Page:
Java 2D and JOGL: The Flip Side
The Hemingway Version
In my last blog entry,
Easy 2D/3D Mixing in Swing, my goal was to show Swing developers how easy
it can be to include 3D content in a desktop application via JOGL and OpenGL.
I think we've done a decent job of making things easier for that class of
developers, but what if we look at the problem from the other end of the
barrel? There are lots of JOGL/OpenGL developers that want to include Java 2D
elements in their applications. Historically it has been possible to include
Java 2D content in a JOGL application, but there haven't been any good
standard APIs to make this sort of integration convenient for developers.
Let's get the demo out of the way before getting into any of the details.
Here's a screenshot (click to enlarge), for the truly impatient reader:
Better yet, run the demo yourself (the app itself is sandboxed and only
requires JDK 5; here's the source code, with NetBeans project included):
The Faulkner Version
Ken Russell (the mastermind behind JOGL) promises me that he'll soon have a
blog of his own, which means I'll have to stop stealing all of his thunder.
In the meantime, let's look at some of the new convenience classes that
he's cooked up in the past few weeks (with some prodding from
James Gosling, and inspired by some
reader comments from my last blog).
These aren't new (they were added to Sun's JOGL implementation over 18
months ago), but it helps to mention them in the context of the newer
convenience classes. The
Texture class is a really nice
abstraction layer around an OpenGL texture object. It makes it very easy
for developers to use non-power-of-two sized images in OpenGL (historically
this has been tricky for OpenGL developers) and provides simple methods
for enabling and binding texture state. The
offers an extremely convenient API for loading image data from disk, the
network, or any other source into OpenGL texture memory.
(If you're into SAT-style analogies:
TextureIO is to
BufferedImage.) It even supports special
compressed texture formats, mipmapping, and other complex things that are
usually a nightmare for OpenGL developers.
The first of the three new convenience APIs found in the
com.sun.opengl.util.j2d package. This class builds on top
Texture class described above and provides a convenient
way for developers to dynamically render into an OpenGL texture using
Java 2D. From the following code snippet, it should be clear that you can
TextureRenderer instance just as you would a
// Create the TextureRenderer and render into it using Java 2D
TextureRenderer renderer = TextureRenderer(w, h, true);
Graphics2D g2 = renderer.createGraphics();
// and so on...
renderer.sync(0, 0, w, h);
// Now use it as you would any other OpenGL texture
Texture tex = renderer.getTexture();
Note that currently the
TextureRenderer class uses a
BufferedImage behind the scenes as backing store (but
that's just an implementation detail). This means
that when you're rendering into a
currently all goes through software routines. However, Ken and
I have some tricks up our sleeves: if all goes well in the next few weeks,
we may have an alternate codepath that leverages the JOGL/Java 2D bridge,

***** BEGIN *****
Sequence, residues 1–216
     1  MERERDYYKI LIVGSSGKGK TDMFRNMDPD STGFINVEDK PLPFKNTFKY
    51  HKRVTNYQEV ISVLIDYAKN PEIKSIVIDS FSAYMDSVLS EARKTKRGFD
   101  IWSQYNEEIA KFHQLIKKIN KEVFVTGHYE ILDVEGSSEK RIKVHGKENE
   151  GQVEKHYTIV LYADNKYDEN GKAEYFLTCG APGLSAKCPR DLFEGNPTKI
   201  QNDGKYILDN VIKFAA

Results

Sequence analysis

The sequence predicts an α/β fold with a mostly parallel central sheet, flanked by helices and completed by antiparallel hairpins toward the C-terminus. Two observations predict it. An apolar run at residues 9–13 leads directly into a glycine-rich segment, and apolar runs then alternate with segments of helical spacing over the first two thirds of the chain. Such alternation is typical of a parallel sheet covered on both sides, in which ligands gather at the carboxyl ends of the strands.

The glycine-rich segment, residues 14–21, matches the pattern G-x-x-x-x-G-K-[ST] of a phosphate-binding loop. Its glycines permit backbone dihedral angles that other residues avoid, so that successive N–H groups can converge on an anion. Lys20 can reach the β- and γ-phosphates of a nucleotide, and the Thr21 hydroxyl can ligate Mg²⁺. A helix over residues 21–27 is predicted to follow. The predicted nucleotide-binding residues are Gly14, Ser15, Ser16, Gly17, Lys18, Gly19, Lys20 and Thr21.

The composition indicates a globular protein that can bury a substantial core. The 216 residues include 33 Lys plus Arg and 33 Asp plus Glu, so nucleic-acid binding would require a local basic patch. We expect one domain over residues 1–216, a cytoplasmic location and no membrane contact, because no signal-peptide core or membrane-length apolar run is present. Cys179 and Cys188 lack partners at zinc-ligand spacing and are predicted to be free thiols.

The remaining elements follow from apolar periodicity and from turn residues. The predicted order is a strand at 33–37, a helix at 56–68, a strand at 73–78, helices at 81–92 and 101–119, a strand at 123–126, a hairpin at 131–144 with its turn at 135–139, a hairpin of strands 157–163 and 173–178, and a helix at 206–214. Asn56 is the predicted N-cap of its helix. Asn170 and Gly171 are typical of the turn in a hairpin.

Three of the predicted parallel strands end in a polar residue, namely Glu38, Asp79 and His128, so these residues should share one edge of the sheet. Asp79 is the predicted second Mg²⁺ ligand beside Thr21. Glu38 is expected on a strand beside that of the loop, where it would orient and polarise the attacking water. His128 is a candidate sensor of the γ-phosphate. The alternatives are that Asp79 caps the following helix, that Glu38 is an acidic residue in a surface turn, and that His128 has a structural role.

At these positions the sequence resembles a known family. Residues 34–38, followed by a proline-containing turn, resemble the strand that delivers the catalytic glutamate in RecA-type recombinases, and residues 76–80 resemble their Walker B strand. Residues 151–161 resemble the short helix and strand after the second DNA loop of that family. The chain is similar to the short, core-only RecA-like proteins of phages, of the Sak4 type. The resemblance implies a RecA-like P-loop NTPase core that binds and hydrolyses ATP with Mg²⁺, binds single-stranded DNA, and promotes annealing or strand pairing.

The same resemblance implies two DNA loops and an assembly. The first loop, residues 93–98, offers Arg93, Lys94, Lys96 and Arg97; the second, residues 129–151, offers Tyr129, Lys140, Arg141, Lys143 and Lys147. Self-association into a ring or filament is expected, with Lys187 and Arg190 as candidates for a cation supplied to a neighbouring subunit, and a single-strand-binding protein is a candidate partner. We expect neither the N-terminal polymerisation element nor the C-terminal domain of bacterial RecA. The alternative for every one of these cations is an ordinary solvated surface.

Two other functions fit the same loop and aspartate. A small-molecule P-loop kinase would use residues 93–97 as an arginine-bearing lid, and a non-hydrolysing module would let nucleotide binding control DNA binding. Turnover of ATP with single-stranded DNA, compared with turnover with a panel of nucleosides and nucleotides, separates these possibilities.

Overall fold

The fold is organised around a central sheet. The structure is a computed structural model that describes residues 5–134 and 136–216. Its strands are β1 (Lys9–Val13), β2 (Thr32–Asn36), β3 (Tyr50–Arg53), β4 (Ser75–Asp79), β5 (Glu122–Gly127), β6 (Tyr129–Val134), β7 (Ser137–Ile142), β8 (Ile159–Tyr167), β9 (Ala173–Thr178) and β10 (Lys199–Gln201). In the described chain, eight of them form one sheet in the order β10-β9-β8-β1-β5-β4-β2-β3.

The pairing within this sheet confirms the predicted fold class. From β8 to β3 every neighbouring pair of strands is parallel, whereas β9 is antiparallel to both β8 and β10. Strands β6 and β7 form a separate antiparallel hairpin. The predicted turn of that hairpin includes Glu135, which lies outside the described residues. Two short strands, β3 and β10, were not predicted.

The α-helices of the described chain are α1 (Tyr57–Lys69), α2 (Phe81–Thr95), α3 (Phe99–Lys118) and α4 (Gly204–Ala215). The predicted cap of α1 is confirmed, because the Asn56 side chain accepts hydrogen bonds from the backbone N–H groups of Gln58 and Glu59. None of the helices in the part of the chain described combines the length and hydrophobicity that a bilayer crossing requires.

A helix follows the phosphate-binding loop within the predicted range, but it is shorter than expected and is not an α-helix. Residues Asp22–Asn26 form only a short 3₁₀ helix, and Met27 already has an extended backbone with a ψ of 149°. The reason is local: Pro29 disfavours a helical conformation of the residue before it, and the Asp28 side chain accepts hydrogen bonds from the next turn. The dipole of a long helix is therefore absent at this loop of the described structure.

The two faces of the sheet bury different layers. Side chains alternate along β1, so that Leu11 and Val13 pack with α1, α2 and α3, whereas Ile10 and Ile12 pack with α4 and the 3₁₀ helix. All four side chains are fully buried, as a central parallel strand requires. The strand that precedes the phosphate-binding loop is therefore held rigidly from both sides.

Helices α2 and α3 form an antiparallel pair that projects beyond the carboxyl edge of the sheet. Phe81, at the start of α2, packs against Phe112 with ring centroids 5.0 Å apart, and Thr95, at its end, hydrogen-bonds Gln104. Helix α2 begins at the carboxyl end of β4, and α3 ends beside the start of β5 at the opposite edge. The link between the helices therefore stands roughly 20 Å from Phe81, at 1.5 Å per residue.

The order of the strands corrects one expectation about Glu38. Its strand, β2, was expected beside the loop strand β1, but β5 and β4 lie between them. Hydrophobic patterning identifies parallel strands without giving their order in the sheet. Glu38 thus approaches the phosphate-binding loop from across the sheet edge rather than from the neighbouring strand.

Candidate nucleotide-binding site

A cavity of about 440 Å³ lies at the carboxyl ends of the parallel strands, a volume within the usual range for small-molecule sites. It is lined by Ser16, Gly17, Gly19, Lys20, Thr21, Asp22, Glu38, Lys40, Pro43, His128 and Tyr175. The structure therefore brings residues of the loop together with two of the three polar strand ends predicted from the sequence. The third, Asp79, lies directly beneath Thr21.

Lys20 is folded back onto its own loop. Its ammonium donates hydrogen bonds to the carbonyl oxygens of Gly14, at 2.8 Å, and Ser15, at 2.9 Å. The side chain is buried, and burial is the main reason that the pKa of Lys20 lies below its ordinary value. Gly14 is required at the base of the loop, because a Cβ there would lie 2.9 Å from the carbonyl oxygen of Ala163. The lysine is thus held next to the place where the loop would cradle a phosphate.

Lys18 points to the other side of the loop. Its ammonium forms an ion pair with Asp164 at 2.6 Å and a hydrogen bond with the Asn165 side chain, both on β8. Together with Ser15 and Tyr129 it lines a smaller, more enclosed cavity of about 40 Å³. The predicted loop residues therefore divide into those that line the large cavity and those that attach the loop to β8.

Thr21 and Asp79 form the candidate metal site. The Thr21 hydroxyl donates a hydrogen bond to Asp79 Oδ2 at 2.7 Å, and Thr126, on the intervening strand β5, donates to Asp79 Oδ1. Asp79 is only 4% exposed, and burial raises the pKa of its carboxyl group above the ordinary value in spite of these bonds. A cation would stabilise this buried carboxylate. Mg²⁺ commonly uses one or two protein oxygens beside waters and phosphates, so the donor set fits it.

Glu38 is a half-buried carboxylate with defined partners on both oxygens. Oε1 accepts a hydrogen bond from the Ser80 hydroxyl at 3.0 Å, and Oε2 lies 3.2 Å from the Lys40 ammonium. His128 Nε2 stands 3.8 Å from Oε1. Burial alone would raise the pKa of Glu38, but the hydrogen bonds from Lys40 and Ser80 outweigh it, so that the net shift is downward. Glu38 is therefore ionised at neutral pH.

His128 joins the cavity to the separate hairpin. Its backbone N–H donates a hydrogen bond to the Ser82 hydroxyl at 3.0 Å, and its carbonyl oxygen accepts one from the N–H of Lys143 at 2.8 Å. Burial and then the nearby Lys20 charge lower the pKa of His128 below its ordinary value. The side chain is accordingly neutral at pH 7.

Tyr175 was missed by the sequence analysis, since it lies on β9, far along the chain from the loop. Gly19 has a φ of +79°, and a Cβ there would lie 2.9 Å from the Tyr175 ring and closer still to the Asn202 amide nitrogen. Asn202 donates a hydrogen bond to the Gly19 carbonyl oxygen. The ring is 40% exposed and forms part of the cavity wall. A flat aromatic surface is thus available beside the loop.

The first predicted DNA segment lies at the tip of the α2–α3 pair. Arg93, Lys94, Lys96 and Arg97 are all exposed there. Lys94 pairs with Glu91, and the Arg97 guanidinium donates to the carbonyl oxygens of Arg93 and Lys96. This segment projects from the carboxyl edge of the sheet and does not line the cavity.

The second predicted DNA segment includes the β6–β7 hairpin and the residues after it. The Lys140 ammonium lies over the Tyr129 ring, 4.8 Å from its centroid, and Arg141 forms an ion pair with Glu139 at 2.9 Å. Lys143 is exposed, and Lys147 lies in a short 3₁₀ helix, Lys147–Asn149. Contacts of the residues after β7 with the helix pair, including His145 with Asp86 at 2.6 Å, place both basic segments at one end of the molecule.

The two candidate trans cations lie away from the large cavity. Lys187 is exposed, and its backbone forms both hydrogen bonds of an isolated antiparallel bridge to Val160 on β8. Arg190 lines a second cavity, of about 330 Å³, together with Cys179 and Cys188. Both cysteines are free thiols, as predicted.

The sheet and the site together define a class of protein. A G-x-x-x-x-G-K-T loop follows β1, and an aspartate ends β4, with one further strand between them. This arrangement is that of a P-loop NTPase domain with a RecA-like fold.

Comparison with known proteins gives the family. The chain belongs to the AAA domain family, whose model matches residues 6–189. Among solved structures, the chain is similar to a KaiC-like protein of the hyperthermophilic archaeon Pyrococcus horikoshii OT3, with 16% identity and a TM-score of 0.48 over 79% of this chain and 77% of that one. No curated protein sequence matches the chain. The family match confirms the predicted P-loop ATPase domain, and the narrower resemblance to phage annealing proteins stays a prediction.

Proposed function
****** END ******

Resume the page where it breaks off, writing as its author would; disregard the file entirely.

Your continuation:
which will mean that all rendering into the
will be accelerated in hardware via the OpenGL-based Java 2D pipeline,
with no costly
BufferedImage-Texture copy steps required.
This could be an exciting development, so stay tuned.
Since the beginning of time, rendering text in OpenGL applications has been a
huge hassle for developers. There were some really hokey GLUT routines
that used ugly bitmap fonts with no support for antialiasing or non-Latin
text. In the Java world, crafty developers using
and LWJGL have figured out custom ways to
leverage Java 2D's high-quality font rendering in their applications. But
until this new
TextRenderer class came along, (as far as I know)
there was no easy/standard way to get access to the high quality,
antialiased text offered by Java 2D. It includes full Unicode support,
a really smart string/glyph caching algorithm, and clean APIs that allow
for both 2D and 3D rendering of text in a JOGL application (as you saw in
my demo above). Under the hood, it takes advantage of the aforementioned
Texture classes. Ken has
enough to declare it "the last word in text rendering" for JOGL apps,
and I think he's right. I can even imagine existing C-based OpenGL apps
being ported to Java and JOGL for this feature alone...
I didn't actually use this one in the above demo, but it's a really useful
and simple way to add a "heads-up display" to your JOGL application.
Imagine a flight simulator application: you could render the terrain and
all of your 3D content using JOGL, then you could use the new Overlay class
as a way to render the airplane's control panel using the high-quality
Java 2D APIs. It's really just an even more convenient wrapper around
the already convenient
To help explain how these new APIs fit together and how they layer on top
of OpenGL, I put together a pancake diagram showing how it all comes
(I don't have my charting software handy, so the following,
might I add beautiful, ASCII art diagram will have to suffice.)
| TextRenderer | Overlay |
| TextureRenderer - - | - - -> BufferedImage, Graphics2D
| Texture - - | - - -> TextureIO, ImageIO
| OpenGL textures |
That's all for now. In my next entry I'll have some exciting performance numbers to share in the context of the OpenGL-based Java 2D pipeline (hint: hardware accelerated BufferedImageOps).
In my ears: Sloan, "Never Hear The End Of It"
In my eyes: William Faulkner, "Absalom, Absalom!"
* It's a bit long and wordy,
but I'm still just as much of a slobbering fan of theirs as I was in
**... But sometimes
"long and wordy" can be a virtue.